South Africa's Olympic athlete Oscar Pistorius, charged with shooting dead his girlfriend on Thursday, was publicly adored but has a rocky private life of rash behaviour, beautiful women, guns and fast cars.
The dashing and charismatic 26-year-old sprinter became the first double amputee ever to compete at an Olympics in London last year.
The global celebrity and champion for disabled sport uses two carbon-fibre running blades, which earned him the epithet "Blade Runner" and "fastest man on no legs".
But his playboy private life has courted controversy.
In 2009 Pistorius spent a night in jail after allegedly assaulting a 19-year-old woman at a party.
"Oscar is certainly not what people think he is," said ex-girlfriend Samantha Taylor last November - two months after a magazine programme covered the couple's Seychelles holiday.
He then started going out with model Reeva Steenkamp, who was found shot four times in Pistorius's Pretoria home on Thursday.
"Oscar has a way with women. Strange, she's probably not the only one at his side," Taylor told Rapport newspaper.
A love of guns
Pistorius has been open about his love for guns.
The sprinter slept with a pistol, machine gun, cricket bat and baseball bat for fear of burglars at his upmarket home in a secure Pretoria estate for fear of burglars, he told Britain's Daily Mail last year.
He once took a journalist interviewing him to a shooting range.
The Johannesburg-born runner had both legs amputated below the knee when he was 11 months old after being born without lower leg bones.
But the boy played sports unhindered while growing up in a well-do family and switched to running after fracturing a knee playing rugby.
At high school, the teen was so good that his trainer was unaware for six months he ran on prosthetic legs.
"You're not disabled by your disabilities but abled by your abilities," Pistorius told Athlete magazine in a 2011 interview.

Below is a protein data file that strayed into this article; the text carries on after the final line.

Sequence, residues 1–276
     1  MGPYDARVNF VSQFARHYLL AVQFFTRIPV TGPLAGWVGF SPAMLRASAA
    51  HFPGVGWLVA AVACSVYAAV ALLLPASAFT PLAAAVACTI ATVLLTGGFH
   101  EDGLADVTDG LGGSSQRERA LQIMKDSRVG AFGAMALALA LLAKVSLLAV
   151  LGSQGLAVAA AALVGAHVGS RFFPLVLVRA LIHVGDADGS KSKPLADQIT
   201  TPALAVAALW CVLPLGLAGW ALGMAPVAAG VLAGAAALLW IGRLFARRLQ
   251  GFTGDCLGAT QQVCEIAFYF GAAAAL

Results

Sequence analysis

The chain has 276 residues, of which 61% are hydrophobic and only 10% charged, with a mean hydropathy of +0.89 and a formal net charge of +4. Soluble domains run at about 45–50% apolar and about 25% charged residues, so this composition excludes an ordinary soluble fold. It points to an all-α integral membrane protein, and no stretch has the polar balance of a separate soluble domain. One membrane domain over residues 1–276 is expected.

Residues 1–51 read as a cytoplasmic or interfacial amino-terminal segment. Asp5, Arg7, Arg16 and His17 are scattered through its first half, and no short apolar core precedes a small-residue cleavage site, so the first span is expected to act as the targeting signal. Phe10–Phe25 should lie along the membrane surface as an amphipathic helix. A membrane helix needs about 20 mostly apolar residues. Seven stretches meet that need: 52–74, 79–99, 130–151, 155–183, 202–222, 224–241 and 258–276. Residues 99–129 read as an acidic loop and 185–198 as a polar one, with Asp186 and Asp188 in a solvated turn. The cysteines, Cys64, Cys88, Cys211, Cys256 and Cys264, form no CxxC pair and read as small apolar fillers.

He won an international legal battle overturning a ban on competing in able-bodied events after some argued the running blades gave him an unfair advantage.
He became the first amputee to run at the World Championships in 2011 and won silver with South Africa's 4x400m sprint team.
After taking the 100m, 200m and 400m sprint titles at the Beijing Paralympics, the athlete qualified for the London Olympics, but didn't reach the final.
He failed to retain two of his Paralympic titles, but bounced back to take gold with his South African team-mates in the 4x100m relay and storm to victory in the individual 400m, sending the 80,000 Olympic Stadium crowd wild.
However, he became embroiled in a dispute about the length of his rival's running blades, after Brazil's Alan Oliveira beat him into silver in the 200m.
His accusations that Oliveira's blades were too long raised an outcry and he later apologised.
Off the track, Pistorius has a passion for motorbikes, adrenalin and speed.
"He likes fast cars. Every time he comes here, he's got another car," his trainer Jannie Brooks told AFP last year.
"He is just built for speed, because the cars have an amazing performance."
Four years ago he crashed his boat in a river south of Johannesburg, breaking two ribs, an eye socket and his jaw.
Empty alcohol bottles were found in the boat, but his blood alcohol content wasn't tested.
He also once owned two white tigers but sold them to a zoo in Canada when they became too big.
Pistorius had been brash with reporters in the past, famously storming off the set when a BBC interviewer asked if his battles to compete in able-bodied sports weren't "an inconvenient embarrassment" to athletics authorities.
Turbulent family life marked his childhood. His parents divorced when he was six and his mother died when he was 15. The date she died is tatooed on his arm.
The middle child between a younger sister and elder brother, he has problematic relationship with his father, Henke, but the two brothers are close.
The athlete cut a more humane figure in London after making history last year, talking to reporters and speaking with pride at seeing his 89-year-old grandmother in the stadium.
"To step out here for an Olympic final is more than I could ever have hoped for. It's been a truly humbling experience," he said.
Pistorius has done work for several charities.
He is an ambassador for the Mineseeker Foundation, a British charity which works on removing land mines, and British communications firm BT's Paralympic World Cup, much of his work focused on changing perceptions about disabled people.